Fungi That Cause Lung Infections May Be Spreading Across the U.S.

Doctors are likely to misdiagnose cases due to outdated maps of these fungi’s ranges

Histoplasma under a microscope Smith Collection / Gado via Getty Images

Harmful, soil-dwelling fungi may be more widespread throughout the United States than scientists and medical professionals previously thought.

Past research, conducted in the 1950s and ’60s, suggested disease-causing fungi only lived in certain areas of the country. But scientists now believe the fungi are spreading and causing serious lung infections throughout the nation.

As a result, doctors are relying on outdated maps of the fungi’s ranges, and they may be misreading the symptoms of potentially severe fungal lung infections, suggests new research published this month in the journal Clinical Infectious Diseases.

The researchers looked at three main kinds of soil fungi that can cause lung infections in the U.S.: histoplasma, coccidioides and blastomyces. During construction, farming, landscaping and other disruptive activities, the soil can release fungal spores into the air. Once airborne, the spores make their way into the lungs and breathing passages of nearby humans.

Healthy adults and children can typically fend off a potential fungal infection, but some people—such as older adults, infants and individuals with compromised immune symptoms—have more trouble. Breathing in these fungi can cause them fatigue, fever, cough and other symptoms. Doctors, meanwhile, easily mistake these fungal infections for something else, such as Covid-19, tuberculosis or bacterial pneumonia.

“There’s probably a significant number of patients who were never diagnosed directly and really suffered a lot more morbidity from their disease,” George Thompson, an infectious disease specialist at the University of California, Davis, who was not involved with the study, told NBC News’ Angela Yang and Aria Bendix.

The map of disease-causing fungi used by the Centers for Disease Control and Prevention dates to 1969, per the study. As such, doctors in parts of the country with no history of these pathogens may focus their attention on other possible causes of illness.

Historically, researchers thought histoplasma, also called histo, existed primarily in the Midwest and along parts of the East Coast, while coccidioides inhabited the Southwest and blastomyces lived in the Midwest and the South.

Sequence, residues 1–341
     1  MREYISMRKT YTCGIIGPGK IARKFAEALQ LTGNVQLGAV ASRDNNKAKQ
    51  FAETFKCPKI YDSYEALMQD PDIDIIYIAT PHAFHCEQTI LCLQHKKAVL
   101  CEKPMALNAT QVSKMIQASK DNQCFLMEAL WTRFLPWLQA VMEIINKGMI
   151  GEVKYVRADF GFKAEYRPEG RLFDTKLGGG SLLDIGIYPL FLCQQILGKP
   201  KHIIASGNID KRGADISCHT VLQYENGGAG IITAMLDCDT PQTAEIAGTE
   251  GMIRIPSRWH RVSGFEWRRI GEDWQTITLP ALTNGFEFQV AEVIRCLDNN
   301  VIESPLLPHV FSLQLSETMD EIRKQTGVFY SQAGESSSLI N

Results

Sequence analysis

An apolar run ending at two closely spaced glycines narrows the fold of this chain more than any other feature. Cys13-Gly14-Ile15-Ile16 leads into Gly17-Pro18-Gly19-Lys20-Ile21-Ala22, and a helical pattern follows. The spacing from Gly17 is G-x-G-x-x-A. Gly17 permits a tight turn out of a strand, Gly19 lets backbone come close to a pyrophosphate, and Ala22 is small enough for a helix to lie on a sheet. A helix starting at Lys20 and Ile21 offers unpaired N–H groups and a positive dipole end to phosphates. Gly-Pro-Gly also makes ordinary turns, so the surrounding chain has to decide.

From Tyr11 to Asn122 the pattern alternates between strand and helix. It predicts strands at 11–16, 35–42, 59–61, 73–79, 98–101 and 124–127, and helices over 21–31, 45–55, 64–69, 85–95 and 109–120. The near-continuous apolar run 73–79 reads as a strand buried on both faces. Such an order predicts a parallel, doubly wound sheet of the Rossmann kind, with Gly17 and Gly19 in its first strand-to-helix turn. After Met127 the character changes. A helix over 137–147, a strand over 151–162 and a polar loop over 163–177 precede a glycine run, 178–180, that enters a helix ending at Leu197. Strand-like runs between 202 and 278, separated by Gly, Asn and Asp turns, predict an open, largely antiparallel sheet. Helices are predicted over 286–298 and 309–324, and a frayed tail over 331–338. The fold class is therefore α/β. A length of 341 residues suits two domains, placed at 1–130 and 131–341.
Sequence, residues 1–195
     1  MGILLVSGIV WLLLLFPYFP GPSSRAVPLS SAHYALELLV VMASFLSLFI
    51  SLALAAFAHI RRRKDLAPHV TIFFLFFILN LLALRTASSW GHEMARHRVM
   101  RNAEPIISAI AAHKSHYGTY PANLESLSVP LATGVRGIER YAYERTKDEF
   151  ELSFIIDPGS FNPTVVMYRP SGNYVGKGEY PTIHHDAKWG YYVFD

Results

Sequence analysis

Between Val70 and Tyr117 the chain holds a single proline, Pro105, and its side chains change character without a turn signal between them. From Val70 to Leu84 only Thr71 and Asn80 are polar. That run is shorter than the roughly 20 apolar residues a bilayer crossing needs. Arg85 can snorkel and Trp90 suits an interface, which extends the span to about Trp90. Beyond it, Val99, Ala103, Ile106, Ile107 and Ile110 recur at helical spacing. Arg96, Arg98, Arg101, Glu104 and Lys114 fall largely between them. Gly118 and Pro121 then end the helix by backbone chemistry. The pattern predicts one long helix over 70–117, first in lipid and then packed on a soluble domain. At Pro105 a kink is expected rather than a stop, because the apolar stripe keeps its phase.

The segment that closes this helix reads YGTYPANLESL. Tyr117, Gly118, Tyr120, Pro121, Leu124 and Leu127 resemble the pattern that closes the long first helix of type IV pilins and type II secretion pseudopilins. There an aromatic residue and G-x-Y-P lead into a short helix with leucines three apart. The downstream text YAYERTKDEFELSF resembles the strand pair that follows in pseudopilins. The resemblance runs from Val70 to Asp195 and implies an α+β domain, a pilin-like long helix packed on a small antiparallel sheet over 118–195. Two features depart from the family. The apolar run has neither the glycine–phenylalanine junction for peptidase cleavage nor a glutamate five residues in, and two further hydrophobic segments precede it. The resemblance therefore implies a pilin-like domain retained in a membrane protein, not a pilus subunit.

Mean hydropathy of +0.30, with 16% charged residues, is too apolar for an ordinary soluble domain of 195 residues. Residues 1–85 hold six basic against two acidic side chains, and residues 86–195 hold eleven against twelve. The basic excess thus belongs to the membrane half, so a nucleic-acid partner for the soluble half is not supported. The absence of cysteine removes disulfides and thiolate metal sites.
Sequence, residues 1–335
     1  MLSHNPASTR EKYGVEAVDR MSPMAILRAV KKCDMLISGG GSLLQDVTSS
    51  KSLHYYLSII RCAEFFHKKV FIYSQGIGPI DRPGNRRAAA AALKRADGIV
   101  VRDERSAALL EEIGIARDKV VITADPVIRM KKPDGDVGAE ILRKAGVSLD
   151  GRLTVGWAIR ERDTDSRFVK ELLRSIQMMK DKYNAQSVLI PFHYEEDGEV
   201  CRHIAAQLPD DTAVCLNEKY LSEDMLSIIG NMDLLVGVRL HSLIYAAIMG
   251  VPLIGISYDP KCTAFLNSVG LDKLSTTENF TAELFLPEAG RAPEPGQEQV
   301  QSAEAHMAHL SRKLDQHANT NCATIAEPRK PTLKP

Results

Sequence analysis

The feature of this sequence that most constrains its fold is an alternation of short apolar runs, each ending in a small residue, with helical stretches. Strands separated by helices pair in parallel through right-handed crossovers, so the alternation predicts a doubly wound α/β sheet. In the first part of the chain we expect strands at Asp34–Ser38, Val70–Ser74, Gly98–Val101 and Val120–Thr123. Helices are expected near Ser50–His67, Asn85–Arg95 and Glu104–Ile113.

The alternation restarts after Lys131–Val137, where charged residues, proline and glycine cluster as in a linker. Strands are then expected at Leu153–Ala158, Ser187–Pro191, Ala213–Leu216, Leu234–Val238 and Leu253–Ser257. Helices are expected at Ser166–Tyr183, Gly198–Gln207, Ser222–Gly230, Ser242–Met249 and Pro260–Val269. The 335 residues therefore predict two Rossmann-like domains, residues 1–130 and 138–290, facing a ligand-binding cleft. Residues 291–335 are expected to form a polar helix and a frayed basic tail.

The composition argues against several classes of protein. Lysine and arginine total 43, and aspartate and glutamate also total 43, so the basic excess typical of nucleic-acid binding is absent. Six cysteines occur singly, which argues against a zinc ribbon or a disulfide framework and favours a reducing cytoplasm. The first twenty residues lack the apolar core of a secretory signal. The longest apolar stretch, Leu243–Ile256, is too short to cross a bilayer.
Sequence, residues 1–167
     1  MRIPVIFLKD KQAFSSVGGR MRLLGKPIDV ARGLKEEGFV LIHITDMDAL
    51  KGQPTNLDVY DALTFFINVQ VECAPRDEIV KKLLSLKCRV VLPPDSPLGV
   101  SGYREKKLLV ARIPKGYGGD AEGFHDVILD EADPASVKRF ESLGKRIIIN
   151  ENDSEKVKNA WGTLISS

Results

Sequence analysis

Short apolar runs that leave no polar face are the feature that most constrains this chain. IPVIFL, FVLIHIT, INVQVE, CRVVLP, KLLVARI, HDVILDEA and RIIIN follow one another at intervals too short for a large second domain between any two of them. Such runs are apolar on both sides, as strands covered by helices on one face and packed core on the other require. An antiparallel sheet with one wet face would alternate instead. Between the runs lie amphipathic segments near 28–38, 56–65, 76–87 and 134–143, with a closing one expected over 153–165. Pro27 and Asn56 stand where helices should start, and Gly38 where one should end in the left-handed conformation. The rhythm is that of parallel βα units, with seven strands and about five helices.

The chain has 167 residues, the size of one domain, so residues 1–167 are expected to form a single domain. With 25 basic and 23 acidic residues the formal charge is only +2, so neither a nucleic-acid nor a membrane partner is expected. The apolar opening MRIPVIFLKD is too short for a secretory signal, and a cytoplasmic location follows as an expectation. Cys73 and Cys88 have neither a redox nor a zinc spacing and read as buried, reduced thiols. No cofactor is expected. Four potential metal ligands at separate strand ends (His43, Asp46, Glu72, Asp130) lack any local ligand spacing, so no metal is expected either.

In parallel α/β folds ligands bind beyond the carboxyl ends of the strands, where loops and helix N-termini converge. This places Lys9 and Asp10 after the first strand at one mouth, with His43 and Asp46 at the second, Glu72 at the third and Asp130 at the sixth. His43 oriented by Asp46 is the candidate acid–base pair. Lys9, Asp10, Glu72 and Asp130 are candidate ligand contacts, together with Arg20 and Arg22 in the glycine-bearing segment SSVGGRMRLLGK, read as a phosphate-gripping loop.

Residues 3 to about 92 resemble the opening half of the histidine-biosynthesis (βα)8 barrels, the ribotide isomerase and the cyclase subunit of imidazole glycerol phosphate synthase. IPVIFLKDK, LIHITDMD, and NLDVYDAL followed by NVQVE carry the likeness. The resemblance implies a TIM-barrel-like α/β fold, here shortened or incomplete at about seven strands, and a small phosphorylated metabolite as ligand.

But, based on anecdotal evidence and case reports, the study’s authors had a hunch that all three fungi may have expanded outside of their typical regions, assisted by human-caused climate change, which is shifting the areas hospitable to various pathogens.

Maps of fungi
The top row shows the historic range of histoplasma (red), blastomyces (blue) and coccidioides (green) on maps created based on data from the 1950s. The bottom row shows the fungi's range using data from 2007 to 2016. Patrick Mazi and Andrej Spec / Washington University

“Every few weeks, I get a call from a doctor in the Boston area—a different doctor every time—about a case they can’t solve,” says study co-author Andrej Spec, an infectious disease specialist at the Washington University School of Medicine, in a statement. “They always start by saying, ‘We don’t have histo here, but it really kind of looks like histo.’ I say, ‘You guys call me all the time about this. You do have histo.’”

To get a better handle on the three fungi, the researchers analyzed Medicare claims for fungal lung infections from all 50 states and the District of Columbia between 2007 and 2016. They used the patients’ home addresses to estimate the prevalence of cases in each county.

They discovered a significant number of fungal lung infections in 48 states and D.C., including in places with no historic record of the three fungi.

Out of 3,143 total U.S. counties, the researchers found meaningful numbers of infections caused by histo in 1,806 counties, by coccidioides in 339 counties and by blastomyces in 547 counties during the nine-year study period.

The new research does have a few limitations, though, reports LiveScience’s Nicoletta Lanese. The scientists only looked at data for Medicare beneficiaries who were 65 and older, so it’s possible they missed some additional cases. And their methods did not account for patients who may have picked up a fungal infection somewhere other than their home county.

Still, the evidence suggests these infections may be more common than patients, doctors and public health officials realize.

“It’s important for the medical community to realize these fungi are essentially everywhere these days and that we need to take them seriously and include them in considering diagnoses,” Spec says in the statement.

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